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My Thoughts on Alibaba's Earnings September 2023
Yesterday, Alibaba released the Earnings Report for the Third Quarter of 2023. The stock reacted with a 10% decline. Let's discuss why and what this means for Alibaba Investors.
Yesterday, Alibaba released the results for the third quarter of 2023 (and the stock plunged by 10%), so here’s a brief update on the numbers, additional information given by the company, and what I take from it.
Business Highlights Overall:
Alibaba’s numbers were solid and in line with what I expected from this quarter if the overall Chinese economic situation doesn’t turn out worse. Revenues grew 9% YoY to almost $31 billion, and Free Cash Flow came in at $6.2 billion, up 27% YoY and well on course to hit annual cash flows between $22 to $25 billion.
Business by Segments:
Taobao and Tmall:
International Digital E-Commerce:
The International E-commerce business did great, with 25 YoY growth combined over all retail businesses and revenue growth of 53%. The next step for these businesses, besides expanding, will be profitability.
Local Services Group:
Revenue from the Local Services Group grew 16% YoY to a little over $2.1 billion, primarily driven by growth in Ele.me (Food and Grocery Shopping) and Amap (Chinese Google Maps equivalent).
Cainiao Smart Logistics:
Cainiao’s revenues grew by 25% YoY to $3.1 billion, driven by cross-border fulfillment solutions, which shows that international expansion works out fine so far.
Cloud Intelligence Group:
Once again, the big disappointment. Slow growth with 2% YoY overshadows improvements in profitability with 26% YoY EBITA growth. While I did not expect the Cloud business to improve as quickly as this quarter, it’s more a question of two or three years, I would like the management to communicate more about what’s wrong with the business.
Yes, the overall environment in China is currently not great for Cloud (explained this in my Deep Dive), but there are problems unique to Alibaba’s cloud business and the company would be better off communicating them.
Digital Media and Entertainment:
This segment is still relatively small, with revenues of $792 million but was able to grow 11% YoY primarily through their offline entertainment businesses that still benefited from the Covid reopening.
I’ll spare you the “All Others” segment and continue with discussing the planned Spin-Offs of Alibaba.
First things first, the spin-off of Alibaba’s Cloud business will not happen.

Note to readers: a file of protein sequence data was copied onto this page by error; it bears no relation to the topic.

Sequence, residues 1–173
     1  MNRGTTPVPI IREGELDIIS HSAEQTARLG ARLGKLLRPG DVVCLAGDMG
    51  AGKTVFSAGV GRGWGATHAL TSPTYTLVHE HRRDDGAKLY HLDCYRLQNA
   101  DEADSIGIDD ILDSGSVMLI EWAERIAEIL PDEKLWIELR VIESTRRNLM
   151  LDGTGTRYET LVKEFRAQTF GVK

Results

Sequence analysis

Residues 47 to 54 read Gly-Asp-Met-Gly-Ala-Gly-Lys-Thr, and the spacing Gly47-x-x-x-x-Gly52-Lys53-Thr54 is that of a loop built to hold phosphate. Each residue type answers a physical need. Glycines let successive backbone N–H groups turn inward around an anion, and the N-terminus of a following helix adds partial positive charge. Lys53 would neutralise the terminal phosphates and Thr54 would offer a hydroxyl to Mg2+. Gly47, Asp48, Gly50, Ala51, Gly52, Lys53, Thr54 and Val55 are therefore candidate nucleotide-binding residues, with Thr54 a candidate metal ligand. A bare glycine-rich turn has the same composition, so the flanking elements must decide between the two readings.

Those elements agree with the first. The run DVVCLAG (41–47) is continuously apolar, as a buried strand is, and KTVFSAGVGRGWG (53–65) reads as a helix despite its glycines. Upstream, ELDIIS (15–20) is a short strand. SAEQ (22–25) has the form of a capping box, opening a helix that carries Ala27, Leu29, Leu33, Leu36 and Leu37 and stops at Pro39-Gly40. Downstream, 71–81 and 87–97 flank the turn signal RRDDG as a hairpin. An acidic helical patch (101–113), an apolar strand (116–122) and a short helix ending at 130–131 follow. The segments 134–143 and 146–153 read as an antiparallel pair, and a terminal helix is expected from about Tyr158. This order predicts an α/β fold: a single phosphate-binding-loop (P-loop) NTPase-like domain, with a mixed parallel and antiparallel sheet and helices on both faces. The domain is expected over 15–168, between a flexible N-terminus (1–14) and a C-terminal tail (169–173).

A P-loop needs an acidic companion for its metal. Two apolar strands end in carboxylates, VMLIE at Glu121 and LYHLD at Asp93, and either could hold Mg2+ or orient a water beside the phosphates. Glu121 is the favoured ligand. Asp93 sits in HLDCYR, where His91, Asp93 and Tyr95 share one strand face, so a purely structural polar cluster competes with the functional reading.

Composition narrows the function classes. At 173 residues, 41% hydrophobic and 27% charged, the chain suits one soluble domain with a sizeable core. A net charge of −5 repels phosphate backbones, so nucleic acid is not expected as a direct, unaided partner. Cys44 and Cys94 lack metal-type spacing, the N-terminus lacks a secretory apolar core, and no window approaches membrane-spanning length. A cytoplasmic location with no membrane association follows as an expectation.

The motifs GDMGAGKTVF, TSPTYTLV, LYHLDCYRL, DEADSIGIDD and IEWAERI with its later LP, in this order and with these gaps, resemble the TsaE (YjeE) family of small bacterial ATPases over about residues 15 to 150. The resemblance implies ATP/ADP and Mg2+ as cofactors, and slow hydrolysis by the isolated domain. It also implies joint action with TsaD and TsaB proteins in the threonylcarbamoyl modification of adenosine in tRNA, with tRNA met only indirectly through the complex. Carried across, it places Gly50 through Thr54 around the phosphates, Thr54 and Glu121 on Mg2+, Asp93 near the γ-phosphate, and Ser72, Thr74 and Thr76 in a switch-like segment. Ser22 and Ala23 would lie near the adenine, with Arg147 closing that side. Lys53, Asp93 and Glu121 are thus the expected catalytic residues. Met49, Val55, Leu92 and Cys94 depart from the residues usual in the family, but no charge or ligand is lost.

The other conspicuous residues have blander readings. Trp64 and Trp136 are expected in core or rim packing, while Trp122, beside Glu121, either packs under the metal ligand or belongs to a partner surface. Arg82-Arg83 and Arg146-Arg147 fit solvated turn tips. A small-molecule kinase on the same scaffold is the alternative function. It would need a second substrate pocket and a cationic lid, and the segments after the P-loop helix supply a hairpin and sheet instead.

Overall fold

According to the company, the US sanctions regarding the export of semiconductors are affecting the Cloud business and its ability to operate so the current circumstances make a spin-off less beneficial to shareholders.
Generally, I agree. The market sentiment is bad and as we’ve seen with this reaction to the earnings, Alibaba can only lose. Spinning off the Cloud business now will only result in more bad news and not in enhancing shareholder value.
However, that this news wouldn’t be welcomed by the market was pretty obvious also.
As I said in my Deep Dive, the only business segment that could work as a catalyst for Alibaba’s stock is the Cloud business. This also works on the downside, as long as the cloud looks ugly, Alibaba will too.
The Cainiao spin-off happens as planned and is already in progress. The spin-off will take place at the Hongkong stock exchange.
The Freshippo spin-off was also put on hold, which was expected since Alibaba’s perception of value was a lot higher than what markets are currently willing to pay.
These spin-offs only make sense when they’re freeing value. That’s currently not the case. The sentiment is too bad. I think Alibaba hoped that the announcement to spin off businesses could work as a catalyst to boost the whole stock price.
This didn’t happen. Now spinning-off companies below their fair value doesn’t make much sense and they have to pull back, which doesn’t look that good.
Another questionable announcement was a dividend program of $2.5. I don’t know what the plan behind that dividend is but I would much rather see a buyback program that actually reduces shares…
The stock trades at $79. Why would you prefer a dividend over buybacks? I highly doubt that this will suddenly change the opinions of foreign investors and cause a run for the dividend.
There are some people who welcome this decision, I don’t belong to them. However, they already have a huge buyback program in place. It’s time to act on that and use the funds to repurchase shares, without(!) issuing new ones simultaneously.
The quarter was good but Alibaba is an unpopular stock. This is how unpopular stocks get treated by the market. One (perceived) bad news in the report (canceled cloud spin-off), and the company gets punished badly. Good numbers don’t matter, then.
If fundamentals would matter, Alibaba wouldn’t trade where they trade…
Right now, I won’t add to my position, though. My price basis is low and I would only add if we see a price close to $60 again (which is not unlikely ;) ).
Become a Paid Subscriber and read the full 45-minute Deep Dive on Investing in Alibaba and China here:
Now, have a great day!
As always, this is not investment advice! Do your own due diligence!